An Overview of Software Engineering Process and Its Improvement

An Overview of Software Engineering Process and Its Improvement

Alain April (École de Technologie Supérieure, Canada) and Claude Laporte (École de Technologie Supérieure, Canada)
DOI: 10.4018/978-1-60566-026-4.ch477
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Abstract

The software engineering process is concerned with the definition, implementation, measurement, change, and improvement of software processes. This short article presents software engineering process knowledge along the lines of the software engineering body of knowledge (International Organization for Standardization & International Electrotechnical Commission [ISO/IEC], 2005b). The objective of the software engineering process is to implement new or better processes in current software engineering practice.
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Background

Software engineering is a young discipline, and many authors maintain that process engineering is crucial to its success, as well as being key to software quality assurance activities. This article presents generally accepted knowledge about the software engineering process. This knowledge has been adapted from industrial engineering, the management sciences, and human resources management. We have witnessed the emergence of software engineering process literature during the past 20 years and watched as some process topics have appeared while others have disappeared. This article presents four key topics (see Figure 1) that represent the fundamental concepts that must be acquired by all software engineers.

Figure 1.

Key topics in the software engineering process and its improvement

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Process Implementation And Evolution

Process implementation and change concern the initial deployment of processes and ongoing changes designed to improve and develop a supporting infrastructure (software process assets). Software engineering process activities typically follow a life cycle in which some process models are used as a reference, and certain practical considerations must be considered to ensure their success.

The first section of this article introduces concepts relating to the initial deployment of processes and to the improvement of current processes. In both cases, existing software engineering practices have to evolve. If the evolution process is extensive, then the possibility of cultural changes within the organization may need to be addressed to lower the risk of resistance and failure.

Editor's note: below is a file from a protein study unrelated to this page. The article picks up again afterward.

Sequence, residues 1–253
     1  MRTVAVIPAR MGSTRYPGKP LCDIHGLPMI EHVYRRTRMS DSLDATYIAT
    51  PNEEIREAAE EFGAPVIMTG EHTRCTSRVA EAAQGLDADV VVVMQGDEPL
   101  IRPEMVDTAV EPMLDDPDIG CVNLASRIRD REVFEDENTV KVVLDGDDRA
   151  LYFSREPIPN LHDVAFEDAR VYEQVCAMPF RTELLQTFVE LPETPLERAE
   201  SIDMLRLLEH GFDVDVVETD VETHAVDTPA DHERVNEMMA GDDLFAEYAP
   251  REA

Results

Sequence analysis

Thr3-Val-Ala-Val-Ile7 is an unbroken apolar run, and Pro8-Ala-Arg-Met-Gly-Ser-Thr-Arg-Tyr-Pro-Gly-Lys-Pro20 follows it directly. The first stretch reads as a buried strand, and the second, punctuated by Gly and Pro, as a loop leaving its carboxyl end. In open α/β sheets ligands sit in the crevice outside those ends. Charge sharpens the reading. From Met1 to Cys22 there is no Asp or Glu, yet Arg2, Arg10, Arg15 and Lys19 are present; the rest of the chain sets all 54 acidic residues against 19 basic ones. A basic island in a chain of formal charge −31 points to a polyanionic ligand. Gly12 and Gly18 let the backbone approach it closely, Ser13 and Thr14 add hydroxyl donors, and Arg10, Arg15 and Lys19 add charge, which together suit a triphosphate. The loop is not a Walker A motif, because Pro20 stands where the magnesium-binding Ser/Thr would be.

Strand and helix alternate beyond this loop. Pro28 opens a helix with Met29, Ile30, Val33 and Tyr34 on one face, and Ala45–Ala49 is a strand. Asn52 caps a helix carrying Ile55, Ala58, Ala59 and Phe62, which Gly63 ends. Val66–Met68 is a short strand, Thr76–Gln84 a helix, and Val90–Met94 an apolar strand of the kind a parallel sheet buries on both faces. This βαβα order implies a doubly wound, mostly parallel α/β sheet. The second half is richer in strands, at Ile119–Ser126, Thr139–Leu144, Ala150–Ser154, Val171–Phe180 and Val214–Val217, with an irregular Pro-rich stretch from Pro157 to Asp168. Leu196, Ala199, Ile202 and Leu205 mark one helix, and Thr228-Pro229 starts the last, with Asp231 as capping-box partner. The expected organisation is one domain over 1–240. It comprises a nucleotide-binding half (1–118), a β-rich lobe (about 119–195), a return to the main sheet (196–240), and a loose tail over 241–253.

Software process improvement typically follows an improvement life cycle composed of four activities: (a) Establish the process infrastructure and assets, (b) plan the implementation (or improvement), (c) implement and evolve the process, and (d) evaluate the process. Improvement is often a project in and of itself, requiring appropriate planning, resources, monitoring, and review. Completing these life cycle activities permits continuous feedback and improvement of the software process. The first activity, establishing the process infrastructure and assets, involves establishing commitment to the process implementation and change, and acquiring the appropriate resources and personnel. The objective of the second activity, planning the implementation (or improvement), is to describe and communicate the improvement project’s objectives and process needs following an assessment of the strengths and weaknesses of the current processes. The third activity, implementing and evolving the process, involves executing the planning step and deploying new processes or evolving existing processes, or both. This activity will often require piloting the new or enhanced processes. The last activity, evaluating the process, is concerned with measuring the resulting process and assessing how well it has achieved the initial objectives. This information is then used as input for subsequent improvement cycles.

Key Terms in this Chapter

Process Assets: They are a collection of items, maintained by an organization, for use by programs in developing, tailoring, maintaining, and implementing their processes.

Measurement Program: A measurement program is the set of related elements for addressing an organization’s measurement needs. It includes the definition of organization-wide measurements, methods, and practices for collecting organizational measurements and analyzing data, and measurement goals for the organization.

Maturity Level: It is a well-defined evolutionary plateau toward achieving a mature software acquisition process. The typical five maturity levels are initial, repeatable, defined, quantitative, and optimizing.

Measurement Process: This is a set of interrelated resources, activities, and influences related to a measurement.

Capability Maturity Model: The model is a description of the stages through which organizations evolve as they define, implement, measure, control, and improve their processes.

Software Process Assets: They are a collection of entities, maintained by an organization, for use by projects in developing, tailoring, maintaining, and implementing their software processes.

Process Assessment: It is a disciplined evaluation of an organization’s software processes against a model compatible with the reference model.

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